West Park St. across from West St.
A veteran of the US Army. Bill, as he was known, served during WW II and attained the rank of private. He was stationed in Egypt and North Africa as a Munitions Truck driver. After the war Bill became co-owner of L & M Bar in the nearby town of Carbondale.
North Main St in front of Aqua Water Company
A veteran of the US Army. William fought for the North in the Civil War. He enlisted in the Army in August of 1862 in Honesdale and was not yet a citizen. William came to America from England in 1854. His family sailed from Plymouth, England to New York City then took a boat up the Hudson River to Rondout, New York, and finally a D&H canal clipper boat to Honesdale. He fought in seven major battles during the war. He was in Fredricksburg, Chancellorsville, Gettysburg, The Wilderness, Spottsylvania, Totopotomoy Creek, and Cold Harbor. He attained the rank of Captain. Although there were no records of medals or awards, there is no doubt he would have received a Purple Heart if it existed back then. He was severely wounded in the battle at Totopotomoy Creek. He spent three months in a field hospital. William gained the rank of Infantry Sergeant but kept getting promoted and eventually attained the rank of Captain. After the war he found his way back to Wayne County. He worked initially as a farmer then became a carpenter for the D & H Canal Company boatyard. He was active in the GAR (Grand Army of the Republic), James Ham Post. William passed away on April 1, 1892. There is a wonderful article on his family in the Wayne Independent archives dated Wednesday August 31, 1938 which included a picture of his beautiful home at 1319 West Street in Honesdale.
Rt. 6 just East of the 4th St. bridge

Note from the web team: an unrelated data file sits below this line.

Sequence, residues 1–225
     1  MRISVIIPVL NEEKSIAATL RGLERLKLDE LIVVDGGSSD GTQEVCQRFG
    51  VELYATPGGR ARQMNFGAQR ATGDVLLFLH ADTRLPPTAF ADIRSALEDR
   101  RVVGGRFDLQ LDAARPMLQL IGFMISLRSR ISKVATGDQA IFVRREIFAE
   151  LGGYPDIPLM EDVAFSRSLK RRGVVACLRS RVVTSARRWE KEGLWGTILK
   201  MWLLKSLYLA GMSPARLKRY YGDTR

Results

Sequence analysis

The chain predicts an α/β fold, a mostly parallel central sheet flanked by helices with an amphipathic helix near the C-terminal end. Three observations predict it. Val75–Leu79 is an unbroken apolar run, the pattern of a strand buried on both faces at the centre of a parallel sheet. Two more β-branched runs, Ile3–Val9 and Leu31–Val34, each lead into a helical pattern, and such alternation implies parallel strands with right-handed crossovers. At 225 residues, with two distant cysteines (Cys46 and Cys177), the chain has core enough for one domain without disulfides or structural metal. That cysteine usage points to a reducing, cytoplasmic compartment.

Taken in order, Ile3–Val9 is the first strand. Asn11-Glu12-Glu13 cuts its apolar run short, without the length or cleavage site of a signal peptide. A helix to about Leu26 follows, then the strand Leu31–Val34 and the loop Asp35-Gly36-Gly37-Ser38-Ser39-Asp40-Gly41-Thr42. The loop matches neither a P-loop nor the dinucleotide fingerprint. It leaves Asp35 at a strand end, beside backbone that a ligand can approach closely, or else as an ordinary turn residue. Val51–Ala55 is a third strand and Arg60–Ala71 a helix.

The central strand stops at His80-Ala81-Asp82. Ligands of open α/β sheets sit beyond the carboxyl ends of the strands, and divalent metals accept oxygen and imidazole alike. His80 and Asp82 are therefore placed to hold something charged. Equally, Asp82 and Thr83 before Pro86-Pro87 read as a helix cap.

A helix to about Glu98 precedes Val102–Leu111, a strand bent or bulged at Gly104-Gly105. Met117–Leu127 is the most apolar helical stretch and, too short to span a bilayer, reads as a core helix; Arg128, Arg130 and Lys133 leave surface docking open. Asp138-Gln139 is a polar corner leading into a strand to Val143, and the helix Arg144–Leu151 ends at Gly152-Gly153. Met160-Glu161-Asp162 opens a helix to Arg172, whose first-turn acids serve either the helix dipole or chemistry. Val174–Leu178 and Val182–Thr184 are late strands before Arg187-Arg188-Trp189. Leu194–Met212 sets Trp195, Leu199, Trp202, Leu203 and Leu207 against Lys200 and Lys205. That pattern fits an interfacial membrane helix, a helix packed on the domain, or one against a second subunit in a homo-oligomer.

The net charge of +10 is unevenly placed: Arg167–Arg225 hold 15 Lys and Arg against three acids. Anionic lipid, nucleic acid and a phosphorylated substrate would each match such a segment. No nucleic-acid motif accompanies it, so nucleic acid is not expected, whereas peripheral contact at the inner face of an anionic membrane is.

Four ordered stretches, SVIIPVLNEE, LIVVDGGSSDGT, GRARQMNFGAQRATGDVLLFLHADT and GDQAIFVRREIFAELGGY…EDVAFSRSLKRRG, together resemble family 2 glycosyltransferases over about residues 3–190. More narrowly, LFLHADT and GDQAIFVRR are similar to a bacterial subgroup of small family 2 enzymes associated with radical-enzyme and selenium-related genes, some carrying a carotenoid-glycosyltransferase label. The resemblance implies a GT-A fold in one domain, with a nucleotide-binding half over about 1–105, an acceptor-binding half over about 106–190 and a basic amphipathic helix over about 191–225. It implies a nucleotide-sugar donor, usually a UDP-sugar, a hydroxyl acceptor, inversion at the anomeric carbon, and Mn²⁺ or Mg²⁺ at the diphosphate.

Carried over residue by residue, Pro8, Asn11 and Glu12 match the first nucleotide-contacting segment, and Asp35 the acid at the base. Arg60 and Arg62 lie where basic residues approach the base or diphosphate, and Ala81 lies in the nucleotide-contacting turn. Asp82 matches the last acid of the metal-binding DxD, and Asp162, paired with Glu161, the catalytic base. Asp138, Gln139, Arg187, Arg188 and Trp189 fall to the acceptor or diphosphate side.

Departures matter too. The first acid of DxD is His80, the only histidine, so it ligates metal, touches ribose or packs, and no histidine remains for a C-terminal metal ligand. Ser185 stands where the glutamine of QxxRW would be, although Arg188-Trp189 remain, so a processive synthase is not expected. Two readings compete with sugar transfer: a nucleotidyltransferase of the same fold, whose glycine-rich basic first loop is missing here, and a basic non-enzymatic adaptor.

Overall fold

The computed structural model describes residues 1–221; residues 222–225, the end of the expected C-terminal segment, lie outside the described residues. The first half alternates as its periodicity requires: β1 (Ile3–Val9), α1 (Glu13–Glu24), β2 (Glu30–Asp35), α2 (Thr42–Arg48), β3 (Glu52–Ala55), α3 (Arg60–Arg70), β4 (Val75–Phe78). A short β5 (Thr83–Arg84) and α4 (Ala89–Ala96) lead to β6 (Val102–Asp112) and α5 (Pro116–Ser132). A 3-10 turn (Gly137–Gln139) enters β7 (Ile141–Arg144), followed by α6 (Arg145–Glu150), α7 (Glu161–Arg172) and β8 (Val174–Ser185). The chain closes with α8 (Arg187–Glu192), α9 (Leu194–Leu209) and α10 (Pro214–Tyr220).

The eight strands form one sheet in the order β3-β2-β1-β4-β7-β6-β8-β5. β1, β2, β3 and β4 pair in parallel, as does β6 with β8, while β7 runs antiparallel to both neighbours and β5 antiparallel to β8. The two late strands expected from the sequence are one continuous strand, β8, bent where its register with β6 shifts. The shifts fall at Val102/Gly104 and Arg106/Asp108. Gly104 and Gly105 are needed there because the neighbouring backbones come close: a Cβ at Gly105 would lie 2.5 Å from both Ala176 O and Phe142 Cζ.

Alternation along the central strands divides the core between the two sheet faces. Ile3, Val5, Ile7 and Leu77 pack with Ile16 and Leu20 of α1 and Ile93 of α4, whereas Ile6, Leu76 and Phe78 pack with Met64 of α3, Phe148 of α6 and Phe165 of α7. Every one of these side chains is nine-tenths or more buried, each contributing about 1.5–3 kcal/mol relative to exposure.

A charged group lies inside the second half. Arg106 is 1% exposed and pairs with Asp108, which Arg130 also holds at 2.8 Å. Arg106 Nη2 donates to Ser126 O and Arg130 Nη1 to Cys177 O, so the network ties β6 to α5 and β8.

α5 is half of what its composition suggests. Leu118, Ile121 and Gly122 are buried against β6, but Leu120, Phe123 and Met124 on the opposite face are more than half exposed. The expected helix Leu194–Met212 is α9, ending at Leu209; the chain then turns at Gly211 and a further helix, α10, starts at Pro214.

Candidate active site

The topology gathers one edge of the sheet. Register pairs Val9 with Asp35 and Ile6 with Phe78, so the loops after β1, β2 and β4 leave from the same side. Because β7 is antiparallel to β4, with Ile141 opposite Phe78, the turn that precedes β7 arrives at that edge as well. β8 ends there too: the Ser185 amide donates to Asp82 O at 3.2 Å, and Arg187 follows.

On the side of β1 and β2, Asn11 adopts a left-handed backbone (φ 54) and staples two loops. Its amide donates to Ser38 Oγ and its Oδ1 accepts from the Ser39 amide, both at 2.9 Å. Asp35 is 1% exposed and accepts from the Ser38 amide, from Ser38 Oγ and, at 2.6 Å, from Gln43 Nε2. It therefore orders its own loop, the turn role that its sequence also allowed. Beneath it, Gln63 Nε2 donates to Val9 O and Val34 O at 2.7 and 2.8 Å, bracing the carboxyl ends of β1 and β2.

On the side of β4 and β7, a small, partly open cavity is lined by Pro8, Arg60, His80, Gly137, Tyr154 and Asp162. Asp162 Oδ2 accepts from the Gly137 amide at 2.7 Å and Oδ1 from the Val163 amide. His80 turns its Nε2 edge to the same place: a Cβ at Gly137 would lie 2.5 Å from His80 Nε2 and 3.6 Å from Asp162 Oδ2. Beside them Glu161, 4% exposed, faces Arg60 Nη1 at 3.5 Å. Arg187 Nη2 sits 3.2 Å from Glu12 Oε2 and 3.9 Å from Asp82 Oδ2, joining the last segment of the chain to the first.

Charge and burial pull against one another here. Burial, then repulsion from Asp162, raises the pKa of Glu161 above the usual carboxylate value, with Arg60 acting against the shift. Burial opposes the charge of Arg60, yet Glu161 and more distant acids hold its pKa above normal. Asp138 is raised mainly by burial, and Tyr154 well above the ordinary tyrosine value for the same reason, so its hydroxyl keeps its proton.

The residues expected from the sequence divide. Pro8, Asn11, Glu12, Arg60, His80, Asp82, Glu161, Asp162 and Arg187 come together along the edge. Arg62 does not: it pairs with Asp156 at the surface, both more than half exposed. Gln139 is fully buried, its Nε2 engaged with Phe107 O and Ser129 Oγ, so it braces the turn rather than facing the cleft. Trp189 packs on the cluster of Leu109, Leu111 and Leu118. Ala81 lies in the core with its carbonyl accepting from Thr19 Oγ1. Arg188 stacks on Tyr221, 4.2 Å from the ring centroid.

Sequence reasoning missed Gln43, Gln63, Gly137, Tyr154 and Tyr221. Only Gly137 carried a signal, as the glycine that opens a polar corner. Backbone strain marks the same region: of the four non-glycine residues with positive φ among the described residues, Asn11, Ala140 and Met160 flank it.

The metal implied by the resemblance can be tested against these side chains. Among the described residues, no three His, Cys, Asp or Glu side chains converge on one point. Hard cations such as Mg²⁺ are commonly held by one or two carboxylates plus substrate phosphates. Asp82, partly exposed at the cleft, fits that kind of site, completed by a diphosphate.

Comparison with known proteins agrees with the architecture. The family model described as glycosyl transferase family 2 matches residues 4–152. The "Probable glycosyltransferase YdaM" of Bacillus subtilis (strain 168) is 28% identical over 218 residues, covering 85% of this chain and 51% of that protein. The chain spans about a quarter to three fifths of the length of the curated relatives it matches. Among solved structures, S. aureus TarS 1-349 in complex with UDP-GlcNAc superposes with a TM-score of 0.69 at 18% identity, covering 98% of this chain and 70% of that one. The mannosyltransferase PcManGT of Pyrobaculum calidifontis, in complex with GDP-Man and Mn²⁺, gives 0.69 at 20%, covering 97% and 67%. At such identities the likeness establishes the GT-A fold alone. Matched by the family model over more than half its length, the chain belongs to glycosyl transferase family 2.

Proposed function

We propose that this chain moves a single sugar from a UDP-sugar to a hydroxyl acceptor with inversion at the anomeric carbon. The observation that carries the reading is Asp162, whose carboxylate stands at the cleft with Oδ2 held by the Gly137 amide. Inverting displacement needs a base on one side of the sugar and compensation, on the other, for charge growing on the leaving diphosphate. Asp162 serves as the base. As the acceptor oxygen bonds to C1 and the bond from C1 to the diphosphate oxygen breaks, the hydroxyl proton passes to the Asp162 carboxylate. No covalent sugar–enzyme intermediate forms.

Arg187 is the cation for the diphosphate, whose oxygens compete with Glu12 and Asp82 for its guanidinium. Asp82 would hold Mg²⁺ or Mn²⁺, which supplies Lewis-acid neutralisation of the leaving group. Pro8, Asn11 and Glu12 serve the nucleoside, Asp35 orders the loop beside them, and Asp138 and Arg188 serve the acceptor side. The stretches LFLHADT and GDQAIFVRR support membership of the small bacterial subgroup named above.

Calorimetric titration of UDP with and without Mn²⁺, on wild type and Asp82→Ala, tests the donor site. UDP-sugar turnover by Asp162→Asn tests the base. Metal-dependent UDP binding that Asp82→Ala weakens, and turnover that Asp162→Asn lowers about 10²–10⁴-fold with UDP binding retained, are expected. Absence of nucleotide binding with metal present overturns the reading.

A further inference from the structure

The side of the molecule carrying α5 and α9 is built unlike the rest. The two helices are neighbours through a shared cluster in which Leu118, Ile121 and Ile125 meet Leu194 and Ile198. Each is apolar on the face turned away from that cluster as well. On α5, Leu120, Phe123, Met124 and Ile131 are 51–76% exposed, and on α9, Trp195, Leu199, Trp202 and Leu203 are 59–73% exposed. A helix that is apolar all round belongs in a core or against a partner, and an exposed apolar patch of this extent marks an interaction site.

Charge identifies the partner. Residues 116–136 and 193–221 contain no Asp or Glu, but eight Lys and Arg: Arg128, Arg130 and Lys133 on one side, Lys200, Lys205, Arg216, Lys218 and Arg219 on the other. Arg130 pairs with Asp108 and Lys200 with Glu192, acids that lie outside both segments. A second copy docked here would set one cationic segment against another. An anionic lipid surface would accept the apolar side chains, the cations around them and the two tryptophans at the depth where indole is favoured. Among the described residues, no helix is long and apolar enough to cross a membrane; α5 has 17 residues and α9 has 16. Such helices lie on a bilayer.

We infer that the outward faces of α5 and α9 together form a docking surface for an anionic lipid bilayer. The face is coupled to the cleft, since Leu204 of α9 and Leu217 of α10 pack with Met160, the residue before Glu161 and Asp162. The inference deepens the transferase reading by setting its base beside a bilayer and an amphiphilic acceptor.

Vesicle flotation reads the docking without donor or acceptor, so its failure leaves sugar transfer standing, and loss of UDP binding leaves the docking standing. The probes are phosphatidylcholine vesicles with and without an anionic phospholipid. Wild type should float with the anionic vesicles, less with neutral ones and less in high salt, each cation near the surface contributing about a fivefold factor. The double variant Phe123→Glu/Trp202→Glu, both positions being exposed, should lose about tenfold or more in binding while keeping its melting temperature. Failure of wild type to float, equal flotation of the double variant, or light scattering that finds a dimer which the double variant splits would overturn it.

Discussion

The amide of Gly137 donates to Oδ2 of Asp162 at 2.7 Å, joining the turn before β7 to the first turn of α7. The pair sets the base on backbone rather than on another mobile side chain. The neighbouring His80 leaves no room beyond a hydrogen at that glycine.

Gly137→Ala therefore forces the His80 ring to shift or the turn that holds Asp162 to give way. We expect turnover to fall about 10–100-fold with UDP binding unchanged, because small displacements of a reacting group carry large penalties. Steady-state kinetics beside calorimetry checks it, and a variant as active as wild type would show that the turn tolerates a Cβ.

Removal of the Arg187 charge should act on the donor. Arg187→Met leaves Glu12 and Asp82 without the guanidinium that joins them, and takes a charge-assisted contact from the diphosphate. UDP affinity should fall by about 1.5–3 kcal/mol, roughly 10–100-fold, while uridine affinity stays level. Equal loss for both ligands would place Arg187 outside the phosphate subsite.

A veteran of the US Army. Dan started his eight-year military career at the age of 17. He spent his 18th birthday in Vietnam on his first tour of duty there in 1963. Dan was an infantry Ranger with the 1st Calvary Division, and he attained the rank of Sergeant. Along with two tours in Vietnam he also spent time in Germany. Dan earned and received several medals. His awards include the Good Conduct Medal, MAC-V Class A patch, Vietnam Campaign Medal, Vietnam Service Medal, Republic of Vietnam Gallantry Cross with Palm Unit Citation, National Defense Medal, Armed Forces Expeditionary Service Medal, Bronze Star National Defense Service Medal, the Purple Heart Medal, Presidential Unit Citation, Combat Infantry Badge and Parachutist Pin. Dan rarely spoke of his time in Vietnam, but he was most definitely a very proud veteran of that conflict. After his active duty he joined the Pennsylvania National Guard. On completion of his military service he worked at the SJ Bailey furniture factory in Honesdale. He eventually applied for a nursing assistant position at Wayne Memorial Hospital. He also took a training course and became a police officer in Hawley. He left the hospital to work as a police officer but after a few years returned to Wayne Memorial. He loved working in the emergency room. Dan, having left high school to join the Army went on to receive his GED from Honesdale High School. He then applied and was accepted at Mercy Hospital School of Nursing in Scranton. He graduated from Mercy and returned to Wayne Memorial as a Registered Nurse. He worked in the Emergency Room and the Operating Room. Dan died in 2006 at the age of 61 from kidney cancer. He firmly believed his cancer was the result of excessive exposure to Agent Orange while in Vietnam.